Now what about the Wii? It was a step in the right direction, but anyone who has played the Wii understands that pointing at the screen is merely a mouse set-up in 3D space. But with sword controls and throwing balls in Boom Blox? We may have witnessed but a tiny opportunity that Nintendo itself has failed to capitalize on. Throwing things and playing tennis with the Wii Remote are immersive in themselves, what I believe truly broke the fourth wall with its gameplay and not having to actually play pretend like a traditional control scheme would. But what else can and has been made?
Yet again it is hampered by the fact that, at the end of the Wii's life cycle, it was merely an alternative (albeit better) control scheme that still used arbitrary buttons to do arbitrary things. Shaking the Wii Remote has been used, moreover, insomuch as it was a button substitute simply because it felt intuitive from a gamer's perspective. Have you honestly played a game on the Wii that made you feel like a true swordsman? Even Zelda's controls were made for comfort rather than immersion, relegating the best swimming controls ever in a video game, but did not make you feel like a real swimmer would, but as an effective submarine. Motion controls can do that too.
Perhaps we are being too unfair in making these allegations. After all, controllers need to have multiple input options which are malleable enough to be used for various control schemes and various game genres - technical barriers, so it may seem. But technology has made strides wide enough to support a control scheme that does not sacrifice immersion in the first place: which is the burden ultimately bound with the Kinect. Graphical breakthroughs be damned, we have never had such a game-changer as the Kinect, and its possibilities for total immersion in video games is unmatched.
With total motion control, there is no longer need for a controller (I would like to note that there could be better taglines than Kinect's own "You are the controller"). And with that out of the way, maybe we can finally be ready for games that actually mimic reality from a gameplay perspective, and not merely from a graphical one. Maybe we are still leagues off from total virtual reality, but the most immersive video games could veritably be made right here and right now. Case in point: Dance Central.
In video games, what we are always doing is to pretend. We pretend to be a soldier, or a racecar driver, or a professional athlete, or even a god. But in a game such as Dance Central, you finally stop pretending and actually be the character that the game wants you to be. The focus has finally stopped being on the screen, and has already shifted over to you. You see your onscreen avatar and you dance along with it. You are no longer playing, but you are finally dancing. When games pretend to be shooting or driving, Kinect has allowed you to let go of pretend and finally start truly immersing, unveiling the very curtain between game and gamer. When the game tells you to dance, you actually dance. Guitar Hero did not do this. It just created a better way to control.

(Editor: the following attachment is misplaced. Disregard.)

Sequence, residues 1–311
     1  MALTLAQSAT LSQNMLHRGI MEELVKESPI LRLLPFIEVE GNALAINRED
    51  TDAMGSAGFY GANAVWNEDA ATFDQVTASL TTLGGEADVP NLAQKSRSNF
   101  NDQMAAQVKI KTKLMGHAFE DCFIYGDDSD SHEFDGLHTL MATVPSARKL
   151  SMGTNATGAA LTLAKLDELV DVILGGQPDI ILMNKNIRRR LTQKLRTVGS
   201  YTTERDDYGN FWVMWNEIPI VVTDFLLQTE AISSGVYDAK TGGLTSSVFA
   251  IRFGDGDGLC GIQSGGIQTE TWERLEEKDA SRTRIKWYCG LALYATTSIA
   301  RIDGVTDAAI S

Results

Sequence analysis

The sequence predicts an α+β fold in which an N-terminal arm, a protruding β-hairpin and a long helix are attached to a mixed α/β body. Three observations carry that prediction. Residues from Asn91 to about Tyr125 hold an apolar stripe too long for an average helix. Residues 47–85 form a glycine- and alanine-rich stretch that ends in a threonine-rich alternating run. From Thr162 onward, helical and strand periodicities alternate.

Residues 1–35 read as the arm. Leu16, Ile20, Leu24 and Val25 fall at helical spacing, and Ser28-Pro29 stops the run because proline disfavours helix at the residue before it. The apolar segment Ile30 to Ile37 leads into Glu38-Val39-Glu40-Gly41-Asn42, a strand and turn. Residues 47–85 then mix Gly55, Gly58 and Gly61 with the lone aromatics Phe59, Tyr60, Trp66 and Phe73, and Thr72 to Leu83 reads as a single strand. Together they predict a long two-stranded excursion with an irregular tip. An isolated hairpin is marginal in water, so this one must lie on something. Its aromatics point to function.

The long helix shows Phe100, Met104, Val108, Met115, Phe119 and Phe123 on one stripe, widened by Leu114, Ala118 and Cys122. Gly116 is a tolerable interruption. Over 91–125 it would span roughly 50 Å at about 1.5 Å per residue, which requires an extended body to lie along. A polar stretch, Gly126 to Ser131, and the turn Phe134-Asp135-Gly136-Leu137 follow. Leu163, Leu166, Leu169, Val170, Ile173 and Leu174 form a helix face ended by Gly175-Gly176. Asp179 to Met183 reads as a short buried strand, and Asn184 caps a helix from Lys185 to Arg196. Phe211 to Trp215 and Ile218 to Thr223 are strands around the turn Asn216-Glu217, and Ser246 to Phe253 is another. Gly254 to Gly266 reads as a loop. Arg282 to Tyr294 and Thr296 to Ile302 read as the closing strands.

In Dance Central, you have complete control, and the game - with its heavily gamified reward system, actually makes you feel like a dancer regardless of experience. It sought to create an actual human experience, rather than interpret one for the gamer. And in a feat perhaps no other game has ever done before, encourages you to truly be better at it. Other games encouraged you to be a better gamer, but Dance Central encourages you to be a better dancer. What more can we expect of a video game? Perhaps this is the direction that the industry should pursue, as apart from telling a better story as most games now strive for, now that graphics are no longer an issue? And as dancing is a genuine human experience, maybe we could finally stop all of the notions attached to being a gamer altogether.
With Kinect comes a vast new world of opportunity for the industry, not so much as what it can do, but as to what could be possible in the future. Gimmicks such as controlling a game with your eyes or even your mind may arise, but they do nothing for immersion unless the game is about voyeurism and Jedi force tricks. Moreover, If you want to be a hero, maybe button presses are undercutting it as well. If there is one way to be a video game character, then that is embodiment.
And as Kinect was reported to have intricate upgrades such as finger and facial sensors, maybe we can have truly immersive games in the form of more traditional genres such as the shooter, or even create new ones we never thought could even exist. Motion control may now be designated a gimmick, that which no hardcore gamer would dare even touch. But then again, they would be depriving themselves of what could be the most imaginative and integrative experiences to ever touch any entertainment medium. Sir Peter Molyneux once said that games have evolved at so quick a pace because developers have a dream that, one day, they are going to be real. Perhaps they are talking about graphical realism and better storytelling techniques. But perhaps they are also talking about that which matters more: the challenge of gameplay realism.
Ladies and gentlemen, I think we are already there.